The cost and size of small external drives is now well beyond what you will need for still photography. I highly recommend using external hard drives for photo storage while traveling. Even with cameras shooting over 20 megapixels, storage is growing faster that file sizes. If you can afford an SLR, getting a pair of 300-500gb external hard drives should be within your budget.

Historic Centre of Rome

World Heritage Site #68: Historic Centre of Rome
Historic Centre of Rome: My 68th UNESCO World Heritage Site

From the World Heritage inscription for the Historic Centre of Rome:

Founded, according to legend, by Romulus and Remus in 753 BC, Rome was first the center of the Roman Republic, then of the Roman Empire, and it became the capital of the Christian world in the 4th century. The World Heritage site, extended in 1990 to the walls of Urban VIII, includes some of the major monuments of antiquity such as the Forums, the Mausoleum of Augustus, the Mausoleum of Hadrian, the Pantheon, Trajan’s Column and the Column of Marcus Aurelius, as well as the religious and public buildings of papal Rome.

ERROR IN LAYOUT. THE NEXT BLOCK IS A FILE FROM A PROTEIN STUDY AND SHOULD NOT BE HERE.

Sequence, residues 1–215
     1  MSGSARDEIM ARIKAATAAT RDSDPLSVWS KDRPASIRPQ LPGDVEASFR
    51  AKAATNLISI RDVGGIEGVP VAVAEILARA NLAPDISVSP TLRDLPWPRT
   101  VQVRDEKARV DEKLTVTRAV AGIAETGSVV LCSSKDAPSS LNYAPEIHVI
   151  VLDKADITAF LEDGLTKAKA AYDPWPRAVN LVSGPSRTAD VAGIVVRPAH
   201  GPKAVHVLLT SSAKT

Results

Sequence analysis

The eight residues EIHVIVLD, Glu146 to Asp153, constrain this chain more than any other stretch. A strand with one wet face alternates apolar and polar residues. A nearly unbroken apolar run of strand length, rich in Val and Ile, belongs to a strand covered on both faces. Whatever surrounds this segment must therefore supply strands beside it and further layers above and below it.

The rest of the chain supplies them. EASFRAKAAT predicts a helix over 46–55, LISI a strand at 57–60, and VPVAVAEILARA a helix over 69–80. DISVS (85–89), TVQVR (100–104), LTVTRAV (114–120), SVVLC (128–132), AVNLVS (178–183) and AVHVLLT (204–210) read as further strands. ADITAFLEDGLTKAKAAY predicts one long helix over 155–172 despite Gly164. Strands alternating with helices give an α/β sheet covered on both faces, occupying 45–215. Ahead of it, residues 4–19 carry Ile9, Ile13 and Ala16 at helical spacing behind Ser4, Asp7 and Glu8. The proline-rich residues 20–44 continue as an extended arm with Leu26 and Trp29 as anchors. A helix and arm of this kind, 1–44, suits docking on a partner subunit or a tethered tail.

The Historic Center of Rome is probably one of the most significant, historical, and impressive world heritage sites in the world. Like sites I’ve seen in Kyoto, Jerusalem or Angkor, there is a whole city of sites which could be world heritage sites on their own. The most significant and recognizable location in Rome is the Colosseum which was recently named as one of the New Seven Wonders of the World.


Historic Centre of RomeItaly has the most number of UNESCO World Heritage Sites in the world. There are 51 sites in total recognized by UNESCO within Italy. One of these sites is the Historic Centre of Rome and the Holy See. This property comprises the Vatican and the Basilica of St. Paul Outside the Walls.

The history of Rome has existed since the 4th or 5th century BC. To this day, you will remains and ruins of monuments from the period of the Classical Roman Empire. Some of these monuments include the famed Colosseum and the Forum Romanum.

The property was added to the UNESCO list in 1980; however, it was extended in 1990 to include the properties of the Holy See such as the Basilica of San Paolo fuori le Mura.

Getting to Historic Centre of Rome

If you want to go to the Historic Centre of Rome, you can travel via plane (for international tourists). There are two international airports in Rome: Leonardo da Vinci/Fiumicio International Airport or GB Pastine/Ciampino International Airport. From the airport, you can settle a private transfer to your hotel. Once in Rome, you will find a wide range of transportation options such as taxis or via railway to get to the historic centre of Rome.